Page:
A third context in which the preference for self- over other-related information has been discussed is in the attentional domain. Cognitive processing of stimuli such as participants’ own name has been examined using the attentional blink paradigm . This task entails a phenomenon consisting in a decreased ability to detect a second target following a first target in a rapid serial visual presentation (RSVP) stream . When participants are presented with their own name as the second target compared with a close other’s name, the attentional blink is significantly reduced . Similarly, both repetition blindness – a reduced accuracy in reporting the appearance of a stimulus when repeated  – and inattentional blindness – an inability to detect an unattended, yet visible stimulus  – were found to be diminished for self-referential information [21, 22]. An attentional advantage for self-related material also persistently emerges in the visual search task . Specifically, Yang and colleagues  instructed participants to detect either their own, a familiar, or a famous name in an array of distracter names. When searching for their own name, participants showed significantly higher accuracy and faster reaction times than when searching for either familiar or famous names.
It should be noted that thus far, the magnitude of distinct self-bias effects has mostly been investigated in the context of separate studies, making it harder to relate findings from different paradigms to each other. There is a long-established notion that self-reference acts as an ‘integrative hub for information processing’ , evenly impacting all cognitive domains. However, this notion has recently been questioned, as it may also be that self-reference affects cognition differently depending on the cognitive domain under investigation: instead of unidimensional and homogeneous, its effects may be diversified and multifaceted. To address this question, a direct comparison of the different self-biases within one and the same sample is required. To our knowledge, only one study directly compared the self-bias effects across cognitive domains within the same sample: Nijhof and colleagues  administered two self-processing measures – respectively in the context of attention and perception – within the same experimental procedure, and found no evidence for a common mechanism that underlies the self-biases across these domains. Such findings endorse a view of the self-bias as a heterogeneous phenomenon that does not draw upon a shared, underlying self-representation.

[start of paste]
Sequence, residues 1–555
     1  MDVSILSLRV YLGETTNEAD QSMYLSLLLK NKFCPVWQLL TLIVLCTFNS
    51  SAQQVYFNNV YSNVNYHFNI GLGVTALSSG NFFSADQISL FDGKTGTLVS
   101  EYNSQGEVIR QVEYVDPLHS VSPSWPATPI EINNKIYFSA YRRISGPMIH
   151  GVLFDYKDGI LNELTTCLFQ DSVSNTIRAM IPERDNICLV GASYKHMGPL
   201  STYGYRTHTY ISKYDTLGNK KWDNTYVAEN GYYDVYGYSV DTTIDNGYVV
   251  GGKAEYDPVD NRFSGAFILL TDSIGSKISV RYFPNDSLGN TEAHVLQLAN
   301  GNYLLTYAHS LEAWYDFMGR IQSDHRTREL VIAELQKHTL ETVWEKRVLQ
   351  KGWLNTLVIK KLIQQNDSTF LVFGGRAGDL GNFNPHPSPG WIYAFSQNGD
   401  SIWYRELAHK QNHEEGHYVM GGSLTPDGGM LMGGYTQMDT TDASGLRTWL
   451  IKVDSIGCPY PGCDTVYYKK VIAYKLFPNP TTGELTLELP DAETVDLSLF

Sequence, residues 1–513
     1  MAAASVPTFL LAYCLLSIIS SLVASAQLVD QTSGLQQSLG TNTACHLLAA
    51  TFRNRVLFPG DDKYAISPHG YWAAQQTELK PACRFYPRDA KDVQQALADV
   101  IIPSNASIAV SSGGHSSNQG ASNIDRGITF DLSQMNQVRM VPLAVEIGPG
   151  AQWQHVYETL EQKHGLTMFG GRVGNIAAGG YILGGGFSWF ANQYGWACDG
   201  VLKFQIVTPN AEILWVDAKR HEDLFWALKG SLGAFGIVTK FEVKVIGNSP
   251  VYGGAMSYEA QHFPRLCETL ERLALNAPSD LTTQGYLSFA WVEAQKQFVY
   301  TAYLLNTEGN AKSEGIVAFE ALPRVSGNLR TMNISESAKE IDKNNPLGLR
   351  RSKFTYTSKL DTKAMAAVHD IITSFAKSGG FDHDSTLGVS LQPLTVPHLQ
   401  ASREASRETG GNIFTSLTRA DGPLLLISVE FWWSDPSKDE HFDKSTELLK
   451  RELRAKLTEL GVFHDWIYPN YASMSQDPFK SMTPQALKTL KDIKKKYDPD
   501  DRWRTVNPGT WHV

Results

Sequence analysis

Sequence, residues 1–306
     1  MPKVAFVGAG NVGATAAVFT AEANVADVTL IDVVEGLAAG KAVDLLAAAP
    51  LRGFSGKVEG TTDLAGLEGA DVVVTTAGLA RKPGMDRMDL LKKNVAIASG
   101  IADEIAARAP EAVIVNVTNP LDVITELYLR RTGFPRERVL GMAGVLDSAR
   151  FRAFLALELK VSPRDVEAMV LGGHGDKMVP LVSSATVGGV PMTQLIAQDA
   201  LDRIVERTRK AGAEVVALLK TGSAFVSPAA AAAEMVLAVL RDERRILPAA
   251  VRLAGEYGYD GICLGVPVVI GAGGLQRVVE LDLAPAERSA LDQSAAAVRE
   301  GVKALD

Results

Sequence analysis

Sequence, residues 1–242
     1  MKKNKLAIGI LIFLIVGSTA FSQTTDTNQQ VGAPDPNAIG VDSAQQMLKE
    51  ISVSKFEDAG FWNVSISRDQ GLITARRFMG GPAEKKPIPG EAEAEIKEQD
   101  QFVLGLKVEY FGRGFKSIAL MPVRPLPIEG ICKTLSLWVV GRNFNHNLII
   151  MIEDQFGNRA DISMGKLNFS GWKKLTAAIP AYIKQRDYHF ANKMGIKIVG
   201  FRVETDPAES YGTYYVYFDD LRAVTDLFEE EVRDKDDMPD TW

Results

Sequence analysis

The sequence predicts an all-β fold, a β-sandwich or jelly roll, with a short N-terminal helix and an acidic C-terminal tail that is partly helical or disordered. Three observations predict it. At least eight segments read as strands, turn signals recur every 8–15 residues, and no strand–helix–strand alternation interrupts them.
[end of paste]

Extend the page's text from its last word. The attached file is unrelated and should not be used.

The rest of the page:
Further support for a non-unitary impact of the self-bias on cognition comes from the body of literature that has investigated self-bias effects in individuals with autism. Regardless of the cognitive domain under study, it is believed that the self-bias fosters social competence, as a stronger sense of self is thought to help one build a better model of the social world [5, 25, 26]. Not surprisingly, an altered self-bias has been argued to lead to social impairments by impeding the understanding of other people’s emotions, intentions or beliefs [19, 27, 28]. This led to a growing number of studies investigating self-processing in autism. Current findings are however inconsistent, with autism-related reduced self-bias effects found for some of the aforementioned paradigms, but not for others. For instance, the self-bias on the shape-label matching task showed no significant association with autistic traits in neurotypicals , and its magnitude did not differ between autistic adults and matched controls . As for the attentional domain, Nijhof and colleagues  observed no significant correlation between autistic traits and the self-bias magnitude in the context of the attentional blink paradigm. In contrast, in the memory domain, the self-bias effect was found to be absent or significantly reduced in autistic children , adolescents  and adults [14, 31, 32]. Nevertheless, more recent research challenged these results, suggesting no significant relation between the self-bias magnitude in the memory domain and autistic traits, in both neurotypicals as well as individuals with autism [33, 34]. In summary, despite some evidence pointing out altered self-processing in individuals with autism, it is clear that findings are still mixed. Most importantly, this inconsistency of findings provides further support for a non-unitary impact of the self-bias on cognition, which may in turn explain the lack of overlap among studies investigating such effects in autism.